2. repost(), which requires an element that has already been posted (and is visible in the queue's history), and submits it to the reader for reprocessing. Note, that we do not needlessly have to copy the element ourselves, the queue can copy it for us, or do some manipulation. The point is, we don't care what it does, and that's important. That reduces complexity on our side. This must run in constant time, as well.

And that's it. That's all we need. It might also be useful to keep an archive of messages recieved by the queue.

".... Hey, I've got a great idea! Lets use a SQL server table! It has everything we need! We can pop by using "SELECT TOP 1 ...", we can push by using INSERT! And look, we don't even need to do anything special to implement priority queues! We can just use ORDER BY to do everything for us!"

And, that's not a bad idea, at first. Apart from breaking our promise about constant time constraints (SELECT TOP 1 *could* be constrained by the size of the table if we have a funny WHERE clause), everything just fits, until we come to some interesting application requirements :

  1. External applications must be able to manipulate this queue. Everything that uses our system MUST write to this table otherwise nothing will happen.
    even ones we don't control!!!
  2. This thing is supposed to get written to A LOT. Like, 50 times a second!
  3. We have to be able to "re-post" things back onto this queue so they're recirculated by the consumer program! We thus need to keep an "archive" of requests and ensure they don't become outdated or mislabeled! We should also be able to copy them from one machine to another, ideally.
  4. It'd sure be really nice to use this archive to track failures! Because, you know, so we can "re-post" these things!

So, some of these requirements aren't bad. The archival stuff we've already got by using the database! But the big problems are the first two requirements. How can we force external applications to use this whenever doing anything? How can we expect them to keep up with changes to the format this queue will take?

The most used solution is to force consumers of the data to use library that will mediate all access to the data bank and to the user's output. But, that discards the advantage we have of using an easily-accessible data bank, namely a "SQL server". We can't expect the user to know the intricacies of the data schema, can we?

The answer is that users don't give a damn. They will do whatever is easiest for them to do, including changing the schema for fun and profit (mostly profit.)

So, instead, since we're already using a database for communicating between our input and our processing, and since all users must eventually go to the database, let's put it in there! They'll have to use it! But where?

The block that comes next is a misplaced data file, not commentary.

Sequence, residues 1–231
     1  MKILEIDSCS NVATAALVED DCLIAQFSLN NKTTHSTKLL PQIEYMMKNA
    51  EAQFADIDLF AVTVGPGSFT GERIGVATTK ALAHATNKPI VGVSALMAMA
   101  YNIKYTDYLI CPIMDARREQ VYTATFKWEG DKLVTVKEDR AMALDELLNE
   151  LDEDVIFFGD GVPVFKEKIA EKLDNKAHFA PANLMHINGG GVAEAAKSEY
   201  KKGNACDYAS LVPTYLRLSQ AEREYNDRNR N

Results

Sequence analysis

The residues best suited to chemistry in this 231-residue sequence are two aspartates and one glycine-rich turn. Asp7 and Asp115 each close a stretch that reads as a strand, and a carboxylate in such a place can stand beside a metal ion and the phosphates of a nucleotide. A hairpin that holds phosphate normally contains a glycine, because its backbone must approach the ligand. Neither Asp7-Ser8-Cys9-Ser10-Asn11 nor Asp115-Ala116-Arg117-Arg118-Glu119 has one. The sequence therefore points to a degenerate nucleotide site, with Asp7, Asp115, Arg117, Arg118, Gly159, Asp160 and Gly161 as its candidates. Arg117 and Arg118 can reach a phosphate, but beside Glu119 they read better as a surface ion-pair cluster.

The answer is, at every operation that could potentially affect the state of these symbolic codes that could change the sum total of what they own, or their "position", we could say. Fortunately, our "SQL server" has a mechanism to automatically run a program at each and every change in the database. What's our requirement for this program?

  1. Compute and push() a message into our queue. Make sure we don't push a duplicate message into our queue, though. We can just "re-post" it later. (Is this a good idea? It kind of breaks our assumption about a queue.... oh well!) Wait! That's another application requirement that just kinda snuck in there.
  2. Run REALLY FAST! We don't want to slow things down just because of a design choice, do we?

This, actually, is okay. So long as our requirements are met, there's no reason we can't run a program for each change.

So, we go off, hack a little bit, and it works! Whenever our symbolic code quantity changes, we fire off this program, insert an element into our queue, and we can process it later! We can even store it and archive it and everything!

But soon, the problem rears it's head once the system is being used by a user. They complain about things like :

  1. "[unrelated operation concerning metadata] is too slow!"
  2. "[program that uses queue data] is too slow! I don't see updates!"
  3. "[operation changing our symbolic data]" is too slow!"

The poor programmer peons toil and toil, and eventually find some inefficency in the database call. "Well, that's normal", they say, "the database is sometimes slow, maybe it's an index or something", but, upon investigating further, something is wrong, and this is what is fundamentally wrong with the initial implementation.

There's too much going on to implement our fundamental operations!

Whenever the program decides it needs to do a simple or complicated operation, each change requires the following operations :